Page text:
Experience has shown that this device [decentralization] is of extreme importance, for two reasons: First, it is a powerful and the best means of training a people to efficient political action and the art of self-government; and, second, it presents constant and important barriers to the encroachment of rulers upon the rights and liberties of the nation; every subdivision forming a stronghold of resistance by the people against unjust or wicked rulers. Take notice that any system of government is excellent in the precise degree in which it naturally trains the people in political independence, and habituates them to take an active part in governing themselves. Whatever plan of government does this is good--no matter what it may be called; and that which avoids this is necessarily bad.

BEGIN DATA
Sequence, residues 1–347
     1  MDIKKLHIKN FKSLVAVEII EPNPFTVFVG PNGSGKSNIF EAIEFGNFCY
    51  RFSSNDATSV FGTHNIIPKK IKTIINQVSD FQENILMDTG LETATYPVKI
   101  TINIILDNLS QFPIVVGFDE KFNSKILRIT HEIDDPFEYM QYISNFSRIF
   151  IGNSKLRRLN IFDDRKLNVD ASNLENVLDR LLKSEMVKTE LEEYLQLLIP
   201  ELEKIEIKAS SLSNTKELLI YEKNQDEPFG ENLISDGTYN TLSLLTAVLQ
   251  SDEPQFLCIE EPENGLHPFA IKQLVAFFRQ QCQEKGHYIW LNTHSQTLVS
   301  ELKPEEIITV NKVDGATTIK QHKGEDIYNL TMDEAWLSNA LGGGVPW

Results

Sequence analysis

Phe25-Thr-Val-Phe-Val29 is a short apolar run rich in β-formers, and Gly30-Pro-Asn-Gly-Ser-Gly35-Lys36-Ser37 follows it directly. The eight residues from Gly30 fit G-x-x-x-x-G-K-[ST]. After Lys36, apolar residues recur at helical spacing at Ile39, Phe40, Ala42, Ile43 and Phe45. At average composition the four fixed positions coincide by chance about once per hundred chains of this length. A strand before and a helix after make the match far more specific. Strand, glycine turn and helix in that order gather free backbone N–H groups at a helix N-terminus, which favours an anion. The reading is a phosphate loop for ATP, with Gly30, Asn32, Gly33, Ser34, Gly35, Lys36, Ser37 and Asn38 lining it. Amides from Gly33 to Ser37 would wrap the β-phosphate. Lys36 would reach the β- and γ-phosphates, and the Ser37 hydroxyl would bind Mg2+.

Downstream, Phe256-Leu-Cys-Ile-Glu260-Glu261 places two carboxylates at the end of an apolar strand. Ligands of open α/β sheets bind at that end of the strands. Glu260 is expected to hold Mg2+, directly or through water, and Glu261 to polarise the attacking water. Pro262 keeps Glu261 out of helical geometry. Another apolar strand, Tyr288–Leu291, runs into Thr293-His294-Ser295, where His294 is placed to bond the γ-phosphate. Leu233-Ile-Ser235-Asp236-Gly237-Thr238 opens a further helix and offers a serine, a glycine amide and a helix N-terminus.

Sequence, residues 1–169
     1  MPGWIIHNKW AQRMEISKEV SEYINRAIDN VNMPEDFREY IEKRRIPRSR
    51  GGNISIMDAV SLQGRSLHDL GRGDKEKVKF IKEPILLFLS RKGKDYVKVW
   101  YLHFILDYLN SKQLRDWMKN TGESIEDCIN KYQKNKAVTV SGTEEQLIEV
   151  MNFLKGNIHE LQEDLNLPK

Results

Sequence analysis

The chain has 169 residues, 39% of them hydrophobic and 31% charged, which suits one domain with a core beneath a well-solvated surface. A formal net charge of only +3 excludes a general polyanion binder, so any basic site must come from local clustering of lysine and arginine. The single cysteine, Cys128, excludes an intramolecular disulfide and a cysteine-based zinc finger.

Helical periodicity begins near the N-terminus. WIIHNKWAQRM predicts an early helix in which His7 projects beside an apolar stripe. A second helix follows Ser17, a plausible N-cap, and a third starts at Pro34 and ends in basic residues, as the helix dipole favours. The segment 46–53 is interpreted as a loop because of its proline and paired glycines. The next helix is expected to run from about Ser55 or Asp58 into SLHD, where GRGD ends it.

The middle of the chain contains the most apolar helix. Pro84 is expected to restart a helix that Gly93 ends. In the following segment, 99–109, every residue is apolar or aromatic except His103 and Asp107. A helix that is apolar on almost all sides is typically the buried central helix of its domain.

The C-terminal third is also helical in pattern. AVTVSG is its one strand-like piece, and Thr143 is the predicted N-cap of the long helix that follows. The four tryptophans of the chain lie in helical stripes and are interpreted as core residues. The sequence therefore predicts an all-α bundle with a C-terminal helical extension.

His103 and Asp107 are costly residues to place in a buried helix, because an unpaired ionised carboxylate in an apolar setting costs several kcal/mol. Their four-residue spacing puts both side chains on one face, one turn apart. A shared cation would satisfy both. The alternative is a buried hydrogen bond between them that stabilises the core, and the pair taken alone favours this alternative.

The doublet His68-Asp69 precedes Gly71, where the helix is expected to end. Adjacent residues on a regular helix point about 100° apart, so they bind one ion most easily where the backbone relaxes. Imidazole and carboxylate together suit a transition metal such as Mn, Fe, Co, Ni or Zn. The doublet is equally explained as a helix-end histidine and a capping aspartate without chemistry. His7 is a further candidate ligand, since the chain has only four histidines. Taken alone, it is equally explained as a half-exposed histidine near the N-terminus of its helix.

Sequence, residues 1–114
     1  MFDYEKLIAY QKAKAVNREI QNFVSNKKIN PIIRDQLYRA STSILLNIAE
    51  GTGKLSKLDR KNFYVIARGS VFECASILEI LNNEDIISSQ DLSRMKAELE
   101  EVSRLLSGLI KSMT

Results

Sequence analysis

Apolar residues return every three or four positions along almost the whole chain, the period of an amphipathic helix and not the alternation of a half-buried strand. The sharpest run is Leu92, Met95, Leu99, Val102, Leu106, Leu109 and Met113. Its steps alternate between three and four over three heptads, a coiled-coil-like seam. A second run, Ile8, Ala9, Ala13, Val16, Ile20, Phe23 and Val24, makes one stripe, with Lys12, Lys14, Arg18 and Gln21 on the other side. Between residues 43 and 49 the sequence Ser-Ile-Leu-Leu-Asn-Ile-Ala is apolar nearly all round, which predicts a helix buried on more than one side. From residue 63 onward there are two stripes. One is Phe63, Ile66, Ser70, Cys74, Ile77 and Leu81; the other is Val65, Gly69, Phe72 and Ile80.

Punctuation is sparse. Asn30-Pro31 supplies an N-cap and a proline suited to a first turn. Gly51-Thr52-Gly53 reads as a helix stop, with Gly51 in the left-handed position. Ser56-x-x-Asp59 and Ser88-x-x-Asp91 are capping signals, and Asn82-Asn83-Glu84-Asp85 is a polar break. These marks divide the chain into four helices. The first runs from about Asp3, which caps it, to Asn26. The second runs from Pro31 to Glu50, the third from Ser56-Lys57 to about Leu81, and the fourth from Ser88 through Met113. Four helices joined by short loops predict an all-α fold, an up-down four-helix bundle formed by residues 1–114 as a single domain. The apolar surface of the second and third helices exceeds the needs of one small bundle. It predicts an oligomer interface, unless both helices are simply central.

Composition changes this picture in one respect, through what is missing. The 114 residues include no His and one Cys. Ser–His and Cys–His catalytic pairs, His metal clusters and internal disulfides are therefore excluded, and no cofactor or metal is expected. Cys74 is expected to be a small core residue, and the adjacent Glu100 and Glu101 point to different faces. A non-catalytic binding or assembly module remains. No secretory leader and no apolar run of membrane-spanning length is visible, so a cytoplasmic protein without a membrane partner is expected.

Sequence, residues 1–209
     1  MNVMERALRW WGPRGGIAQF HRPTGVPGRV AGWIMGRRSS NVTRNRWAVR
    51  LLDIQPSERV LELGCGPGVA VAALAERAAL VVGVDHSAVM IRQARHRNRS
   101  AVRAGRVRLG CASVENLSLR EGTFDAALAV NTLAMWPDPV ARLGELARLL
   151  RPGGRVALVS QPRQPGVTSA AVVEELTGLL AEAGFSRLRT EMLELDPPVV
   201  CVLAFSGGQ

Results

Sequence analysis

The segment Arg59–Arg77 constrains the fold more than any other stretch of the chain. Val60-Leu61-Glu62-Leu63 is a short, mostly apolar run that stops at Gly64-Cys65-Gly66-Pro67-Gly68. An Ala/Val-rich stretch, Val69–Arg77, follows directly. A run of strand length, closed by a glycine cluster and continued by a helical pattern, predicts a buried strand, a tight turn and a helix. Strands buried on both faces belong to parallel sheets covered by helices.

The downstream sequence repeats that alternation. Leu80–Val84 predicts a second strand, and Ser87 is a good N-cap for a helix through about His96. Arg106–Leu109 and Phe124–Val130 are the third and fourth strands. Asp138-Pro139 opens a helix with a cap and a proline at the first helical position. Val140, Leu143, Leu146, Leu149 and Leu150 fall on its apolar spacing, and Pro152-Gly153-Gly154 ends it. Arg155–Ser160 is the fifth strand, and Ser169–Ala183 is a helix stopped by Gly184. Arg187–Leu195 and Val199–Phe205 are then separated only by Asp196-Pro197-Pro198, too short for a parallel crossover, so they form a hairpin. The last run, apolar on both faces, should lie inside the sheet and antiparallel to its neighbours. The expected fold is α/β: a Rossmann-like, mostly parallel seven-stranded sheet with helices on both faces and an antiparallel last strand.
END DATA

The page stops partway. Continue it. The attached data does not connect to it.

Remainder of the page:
What Mr. Nordhoff thus set forth has been universally acknowledged as the cardinal merit of local self-government; and in addition to this cardinal merit it has been recognized by all competent students of our history that our system of self-governing States has proved itself of inestimable benefit in another way. It has rendered possible the trying of important experiments in social and governmental policy; experiments which it would have been sometimes dangerous, and still more frequently politically impossible, to inaugurate on a national scale. When these experiments have proved successful, State after State has followed the example set by one or a few among their number; when they have been disappointing in their results, the rest of the Union has profited by the warning. But, highly important as is this aspect of State independence, the most essential benefits of it are the training in self-government which is emphasized in the above quotation from Mr. Nordhoff, and the adaptation of laws to the particular needs and the particular character of the people of the various States. That modern conditions have inevitably led to a vast enlargement of the powers of the central government, no thinking person can deny. It would be folly to attempt to stick to the exact division of State functions as against national which was natural when the Union was first formed. The railroad, the telegraph, and the telephone, the immense development of industrial, commercial, and financial organization, the growth of interwoven interests of a thousand kinds, have brought the people of California and New York, of Michigan and Texas, into closer relations than were common between those of Massachusetts and Virginia in the days of Washington and John Adams. In so far as the process of centralization has been dictated by the clear necessities of the times, it would be idle to obstruct it or to cry out against it. But, so far from this being an argument against the preservation of the essentials of local self-government, it is the strongest possible argument in favor of that preservation. With the progress of science, invention, and business organization, the power and prestige of the central government are bound to grow, the power and prestige of the State governments are bound to decline, under the pressure of economic necessity and social convenience; all the more, then, does it behoove us to sustain those essentials of State authority which are not comprised within the domain of those overmastering economic forces. If we do not hold the line where the line can be held, we give up the cause altogether; and it will be only a question of time when we shall have drifted into complete subjection to a centralized government, and State boundaries will have no more serious significance than county boundaries have now. But if there is one thing in the wide world the control of which naturally and preeminently belongs to the individual State and not to the central government at Washington, that thing is the personal conduct and habits of the people of the State. If it is right and proper that the people of New York or Illinois or Maryland shall be subjected to a national law which declares what they may or may not eat or drink--a law which they cannot themselves alter, no matter how strongly they may desire it--then there is no act of centralization whatsoever which can be justly objected to as an act of centralization. The Prohibition Amendment is not merely an impairment of the principle of self-government of the States; it constitutes an absolute abandonment of that principle. This does not mean, of course, an immediate abandonment of the practice of State self-government; established institutions have a tenacious life, and moreover there are a thousand practical advantages in State selfgovernment which nobody will think of giving up. But the principle, I repeat, is abandoned altogether if we accept the Eighteenth Amendment as right and proper; and if anybody imagines that the abandonment of the principle is of no practical consequence, he is woefully deluded. So long as the principle is held in esteem, it is always possible to make a stout fight against any particular encroachment upon State authority; any proposed encroachment must prove its claim to acceptance not only as a practical desideratum but as not too flagrant an invasion of State prerogatives. But with the Eighteenth Amendment accepted as a proper part of our system, it will be impossible to object to any invasion as more flagrant than that to which the nation has already given its approval. A striking illustration of this has, curiously enough, been furnished in the brief time that has passed since the adoption or the eighteenth Amendment. Southern Senators and Representatives and Legislaturemen who, for getting all about their cherished doctrine of State rights, had fallen over themselves in their eagerness to fasten the Eighteenth Amendment upon the country, suddenly discovered that they were deeply devoted to that doctrine when the Nineteenth Amendment came up for consideration. But nobody would listen to them. They professed--and doubtless some of them sincerely professed-- to find an essential difference between putting Woman Suffrage into the Constitution and putting Prohibition into the Constitution. The determination of the right of suffrage was, they said, the most fundamental attribute of a sovereign State; national Prohibition did not strike at the heart of State sovereignty as did national regulation of the suffrage. But the abstract question of sovereignty has had little interest for the nation since the Civil War; and if we waive that abstract question, the Prohibition Amendment was an infinitely more vital thrust at the principle of State selfgovernment. The Woman Suffrage Amendment was the assertion of a fundamental principle of government, and if it was an abridgment of sovereignty it was an abridgment of the same character as those embodied in the Constitution from the beginning, the Prohibition Amendment brought the Federal Government into control of precisely those intimate concerns of daily life which, above all else, had theretofore been left untouched by the central power, and subject to the independent jurisdiction of each individual State. The South had eagerly swallowed a camel, and when it asked the country to strain at a gnat it found nobody to listen. Our public men, and our leaders of opinion, frequently and earnestly express their concern over the decline of importance in our State governments, the lessened vigor of the State spirit. The sentiment is not peculiar to any party or to any section; it is expressed with equal emphasis and with equal frequency by leading Republicans and leading Democrats, by Northerners and Southerners. All feel alike that with the decay of State spirit a virtue will go out of our national spirit--that a centralized America will be a devitalized America. But when they discuss the subject, they are in the habit of referring chiefly to defects in administration; to neglect of duty by the average citizen or perhaps by those in high places in business or the professions; to want of intelligence in the Legislature, etc. And for all this there is much reason; yet all this we have had always with us, and it is not always that we have had with us this sense of the decline of State spirit. For that decline the chief cause is the gradual, yet steady and rapid, extension of national power and lowering of the comparative importance of the functions of the State. However, the functions that still remain to the State--and its subdivisions, the municipalities and counties --are still of enormous importance; and, with the growth of public-welfare activities which are ramifying in so many directions, that importance may be far greater in the future. But what is to become of it if we are ready to surrender to the central government the control of our most intimate concerns? And what concern can be so intimate as that of the conduct of the individual citizen in the pursuit of his daily life? How can the idea of the State as an object of pride or as a source of authority flourish when the most elementary of its functions is supinely abandoned to the custody of a higher and a stronger power? The Prohibition Amendment has done more to sap the vitality of our State system than could be done by a hundred years of misrule at Albany or Harrisburg or Springfield. The effects of that misrule are more directly apparent, but they leave the State spirit untouched in its vital parts. The Prohibition Amendment strikes at the root of that spirit, and its evil precedent, if unreversed, will steadily cut off the source from which that spirit derives its life.